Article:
Joint freeport bid from Felixstowe and Harwich
Two of the historically busiest ports in England have entered a joint bid for Freeport status under a UK government competition to identify up to ten locations around the country. Felixstowe, known primarily for intermodal traffic, and Harwich for ferry sailings, lie opposite each other on the north and south banks of the estuary of two confluent rivers. Both facilities are owned by Hutchison Ports. This is the second joint-bid to go public, after a collaboration by the owners of Tilbury and London Gateway on the River Thames.
The joint bid for Freeport status from Felixstowe and Harwich has come as no surprise to maritime insiders. Freeport East, as the project is titled, would, say the backers, be a strategic hub linking UK importers and exporters with suppliers and customers across the globe, at the heart of vital trading routes to Asia and Northern Europe. The bid comes only a matter of months after Hutchison Ports surprised the markets by appointing the former UK transport secretary, Chris Grayling, as an advisor.
Rail connectivity a bid factor
The bid has the backing Suffolk and Essex County Councils, and a string of other local authorities and business interests. Hutchison Ports say the bid, if successful, will drive and support the UK government’s local and national regeneration strategies. Freeport East, they say, will build on the existing ports’ excellent road and rail links to the Midlands and the North of England, the destination for almost a third of Felixstowe’s current throughput.
The claim of excellent rail connections may be viewed with some scepticism, particularly from operators who navigate the congested line east from Felixstowe, including the single track section through Cambridgeshire. However, Harwich, which has seen traffic drop in recent years and is far from its heyday in the 1980s, has capacity to spare, and extensive underused rail freight facilities.
What are Freeports?
Designed to attract major domestic and international investment, areas given Freeport status in this competition will benefit from a wide package of tax reliefs, simplified customs procedures, a streamlined planning processes to boost redevelopment, and UK government support to promote regeneration and innovation.
The chancellor of the exchequer, Rishi Sunak, said new Freeports will create national hubs for trade, innovation and commerce, levelling up communities across the UK, creating new jobs, and economic recovery. “As we embrace our new opportunities as an independent trading nation”, he said, “We want to deliver lasting prosperity to the British people. Freeports will be key to delivering this.”
Drawing on best practice
At the centre of the new Freeports policy, says a government statement, is a new customs model drawing on international best practice, and building on the UK’s existing customs arrangements. In brief, a firm can import goods into a Freeport without paying tariffs; process them, and then either pay a tariff on goods sold into the domestic market, or export the final goods without paying UK tariffs.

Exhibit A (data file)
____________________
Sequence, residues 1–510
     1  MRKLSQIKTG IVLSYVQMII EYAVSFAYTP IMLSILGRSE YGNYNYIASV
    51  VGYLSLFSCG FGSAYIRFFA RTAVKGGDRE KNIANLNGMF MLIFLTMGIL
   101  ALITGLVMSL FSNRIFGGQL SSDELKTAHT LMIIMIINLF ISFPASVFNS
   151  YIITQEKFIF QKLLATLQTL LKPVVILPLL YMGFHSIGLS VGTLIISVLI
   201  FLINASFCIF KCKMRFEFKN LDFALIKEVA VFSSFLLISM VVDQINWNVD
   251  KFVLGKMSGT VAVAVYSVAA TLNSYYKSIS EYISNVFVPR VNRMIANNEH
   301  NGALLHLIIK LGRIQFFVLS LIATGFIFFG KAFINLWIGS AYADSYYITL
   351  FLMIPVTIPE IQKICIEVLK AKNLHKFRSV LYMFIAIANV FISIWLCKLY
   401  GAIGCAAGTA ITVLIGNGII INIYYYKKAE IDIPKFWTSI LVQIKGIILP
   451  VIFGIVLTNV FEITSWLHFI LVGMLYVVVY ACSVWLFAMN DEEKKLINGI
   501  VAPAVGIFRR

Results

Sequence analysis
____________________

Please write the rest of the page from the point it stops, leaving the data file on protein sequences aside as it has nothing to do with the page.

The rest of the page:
The model has been used successfully around the world. There have also been Freeports in the UK, including Liverpool, Southampton, the Port of Tilbury, and Glasgow Prestwick Airport. The legislation permitting their operation lapsed in 2012. Tilbury is now part of a renewed Freeport bid.
Rail infrastructure enhancements needed
Rail operations could play a significant part in Freeport operations, if sufficient infrastructure capacity is made available. Felixstowe would benefit from a wide-ranging enhancement programme around Ely, in Cambridgeshire, which is currently under public consultation. Harwich, which has rail capacity in place, could deal with a variety of bulk and intermodal cargos, and already has existing links to the automotive logistics sector and the clean energy sector. The Freeport plan notes this and calls for exploitation of wind farm fabrication and maintenance.
Following the publication of the Government’s Freeports prospectus last week, George Kieffer, chairman of the project board, said there were compelling arguments to include Freeport East among the selected bidders, not just for the region, but for the country as a whole. “By bringing lasting regeneration and creating new job opportunities to the region the project will support the government’s levelling-up agenda”, he said.
The two-for-one deal of Felixstowe and Harwich, and the prospect of reviving the fortunes of not one but two local authority areas may indeed make a compelling case. If that means a revival in rail freight traffic too – that will be a boon for operators, if something of a headache for infrastructure managers. Like lunch, there’s no such thing as a free Freeport.